American History and Genealogy Project

State of Kentucky

Kentucky, one of the western United States, is bounded n. by Ohio, Indiana, and Illinois, from which it is separated by the Ohio River; e. by Virginia; s. by Tennessee; and w. by the Mississippi, which separates it from Missouri. It is between 36 30' and 39 10' n. lat., and between 81 50' and 89 20' w. Ion., and between 5 and 10 w. lon. from w. Its greatest length is about 400 miles, and breadth 170 miles, containing 40,500 square miles, or 25,920,000 acres. The population in 1790 was 73,677; in 1800, 220,959; in 1810, 406,511; in 1820, 564,317; in 1830, 683,844; in 1840, 779,828, of which 182,253 were slaves. Of the free population, 305,323 were white males; 284,930 do. females; 3,761 were colored males; 3,556 do. females. Employed in agriculture, 197,733; in commerce, 3,448; in manufactures and trades, 23,217; navigating the ocean, 44; canals, lakes, and rivers, 968; in mining, 331; learned professions, 2,487.

There are 90 comities in this state, which with their population in 1840, and their capitals, were as follows:

County, Population, Capital

Adair, 8,466, Columbia Jefferson, 36,346, Louisville
Allen, 7,329, Scottsville Jessamine, 9,396, Nicholasville
Barren, 17,288, Glasgow Kenton, 7,816, Independence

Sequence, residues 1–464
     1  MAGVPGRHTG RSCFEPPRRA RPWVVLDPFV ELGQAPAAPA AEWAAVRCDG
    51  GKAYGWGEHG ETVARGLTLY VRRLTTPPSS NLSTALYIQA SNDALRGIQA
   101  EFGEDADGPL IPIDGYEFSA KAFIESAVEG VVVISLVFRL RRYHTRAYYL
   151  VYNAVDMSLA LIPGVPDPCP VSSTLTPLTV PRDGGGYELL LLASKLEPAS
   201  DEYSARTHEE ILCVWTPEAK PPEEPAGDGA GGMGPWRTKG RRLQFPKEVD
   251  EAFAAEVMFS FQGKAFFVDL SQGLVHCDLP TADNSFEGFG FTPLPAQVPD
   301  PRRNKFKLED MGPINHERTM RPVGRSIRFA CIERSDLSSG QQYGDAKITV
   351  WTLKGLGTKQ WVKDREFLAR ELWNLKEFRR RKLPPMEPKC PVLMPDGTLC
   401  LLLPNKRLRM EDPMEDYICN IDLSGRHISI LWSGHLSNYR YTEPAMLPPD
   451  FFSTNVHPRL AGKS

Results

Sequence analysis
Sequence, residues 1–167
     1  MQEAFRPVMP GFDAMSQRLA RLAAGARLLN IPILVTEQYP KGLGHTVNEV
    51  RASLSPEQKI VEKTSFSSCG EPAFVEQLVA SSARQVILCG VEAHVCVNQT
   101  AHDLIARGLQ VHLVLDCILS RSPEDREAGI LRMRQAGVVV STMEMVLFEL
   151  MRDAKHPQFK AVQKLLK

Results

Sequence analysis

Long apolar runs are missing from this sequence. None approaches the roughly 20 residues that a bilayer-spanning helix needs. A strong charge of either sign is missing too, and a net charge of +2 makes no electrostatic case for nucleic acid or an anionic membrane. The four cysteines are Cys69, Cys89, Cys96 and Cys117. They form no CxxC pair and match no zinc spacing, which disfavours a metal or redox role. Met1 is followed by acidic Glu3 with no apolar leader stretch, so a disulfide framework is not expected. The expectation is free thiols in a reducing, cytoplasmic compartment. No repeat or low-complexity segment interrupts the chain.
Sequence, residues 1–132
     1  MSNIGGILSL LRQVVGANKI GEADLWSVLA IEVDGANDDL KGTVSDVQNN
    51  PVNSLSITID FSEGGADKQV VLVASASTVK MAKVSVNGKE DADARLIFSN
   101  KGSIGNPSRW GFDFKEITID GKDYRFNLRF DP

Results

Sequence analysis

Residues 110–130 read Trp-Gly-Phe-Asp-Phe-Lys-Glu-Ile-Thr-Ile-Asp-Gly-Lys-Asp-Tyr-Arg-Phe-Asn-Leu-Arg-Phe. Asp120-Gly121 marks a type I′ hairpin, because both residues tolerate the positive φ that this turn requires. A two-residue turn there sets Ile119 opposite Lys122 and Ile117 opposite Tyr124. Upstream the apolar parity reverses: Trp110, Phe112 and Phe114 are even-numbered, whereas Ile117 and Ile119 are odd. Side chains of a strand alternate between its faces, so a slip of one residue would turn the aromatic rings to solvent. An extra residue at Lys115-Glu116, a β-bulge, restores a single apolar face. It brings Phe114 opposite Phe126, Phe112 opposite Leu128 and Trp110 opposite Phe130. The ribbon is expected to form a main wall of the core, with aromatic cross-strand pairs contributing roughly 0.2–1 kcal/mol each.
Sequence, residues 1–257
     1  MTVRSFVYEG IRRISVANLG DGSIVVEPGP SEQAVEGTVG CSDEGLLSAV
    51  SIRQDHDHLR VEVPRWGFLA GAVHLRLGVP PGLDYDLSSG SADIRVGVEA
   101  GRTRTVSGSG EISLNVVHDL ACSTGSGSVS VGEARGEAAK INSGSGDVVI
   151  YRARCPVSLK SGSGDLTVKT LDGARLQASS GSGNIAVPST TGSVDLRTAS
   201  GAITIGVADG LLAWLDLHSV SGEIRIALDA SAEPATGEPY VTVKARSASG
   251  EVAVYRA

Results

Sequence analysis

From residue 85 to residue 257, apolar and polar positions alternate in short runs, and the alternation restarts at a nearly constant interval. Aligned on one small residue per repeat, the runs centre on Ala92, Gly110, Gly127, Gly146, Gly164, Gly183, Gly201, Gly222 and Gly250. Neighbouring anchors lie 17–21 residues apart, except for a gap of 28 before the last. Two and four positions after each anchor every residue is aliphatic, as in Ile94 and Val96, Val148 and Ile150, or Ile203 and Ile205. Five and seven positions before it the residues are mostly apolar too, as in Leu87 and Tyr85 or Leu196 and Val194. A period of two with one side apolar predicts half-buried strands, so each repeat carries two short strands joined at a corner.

Bath, 9,763, Owingsville Knox, 5,722, Barbourville
Boone, 10,034, Burlington Laurel, 3,079, London
Bourbon, 14,478, Paris Lawrence, 4,730, Louisa
Breathitt, 2,195, Breathitt Lewis, 6,306, Clarksburg
Bracken, 7,053, Augusta Lincoln, 10,187, Stanford
Breckenridge, 8,944, Hardingsburg Livingston, 9,025, Smithland
Bulitt, 6,334, Shepherdsville Logan, 13,615, Russelville
Butler, 3,898, Morgantown Madison, 16,355, Richmond
Caldwell, 10,365, Princeton Marion, 11,032, Lebanon
Calloway, 9,794, Wadesborough Mason, 15,719, Maysville
Campbell, 5,214, Newport McCracken, 4,745, Paducah
Carroll, 3,966, Carrollton Meade, 5,780, Brandenburg
Carter, 2,905, Grayson Mercer, 18,720, Harrodsburg
Casey, 4,939, Liberty Monroe, 6,526, Tompkinsville
Christian, 15,587, Hopkinsville Montgomery, 9,332, Mount Sterling
Clark, 10,802, Winchester Morgan, 4,603, West Liberty
Clay, 4,607, Manchester Muhlenburg, 6,964, Greenville
Clinton, 3,863, Albany Nelson, 13,637, Bardstown
Cumberland, 6,090, Burkesville Nicholas, 8,745, Carlisle
Davies, 8,331, Owensborough Ohio, 6,592, Hartford
Edmonston, 2,914, Brownsville Oldham, 7,380, La Grange
Estill, 5,535, Irvine Owen, 8,232, Owenton
Fayette, 22,194, Lexington Pendleton, 4,455, Falmouth
Fleming, 13,268, Flemingsburg Perry, 3,089, Hazard
Floyd, 6,302, Prestonburg Pike, 3,567, Pikeville
Franklin, 9,420, Frankfort Pulaski, 9,620, Somerset
Gallatin, 4,003, Warsaw Rockcastle, 3,409, Mount Vernon
Garrard, 10,480, Lancaster Russell, 4,238, Jamestown
Grant, 4,192, Williamstown Scott, 13,668, Georgetown
Graves, 7,465, Mayfield Shelby, 17,768, Shelbyville
Grayson, 4,461, Litchfield Simpson, 6,537, Franklin
Greene, 14,212, Greensburg Spencer, 6,581, Taylorsville
Greenup, 6,297, Greenupsburg Todd, 9,991, Elkton
Hancock, 2,581, Hawesville Trigg, 7,716, Cadiz
Hardin, 16,357, Elizabethtown Trimble, 4,480, Bedford
Harlan, 3,015, Mt. Pleasant Union, 6,673, Morganfield
Harrison, 12,472 Cynthiana Warren, 15,446, Bowling Green
Hart, 7,031, Munfordsville Washington, 10,596, Springfield
Henderson, 9,548, Henderson Wayne, 7,399, Monticello
Henry,10,015, New Castle Whitley, 4,673, Williamsburg
Hickman, 8,968, Clinton Woodford, 11,740, Versailles
Hopkins, 9,171, Madisonville ...

 Frankfort, on the e. bank of the Kentucky River, 60 miles above its entrance into the Ohio, is the seat of government.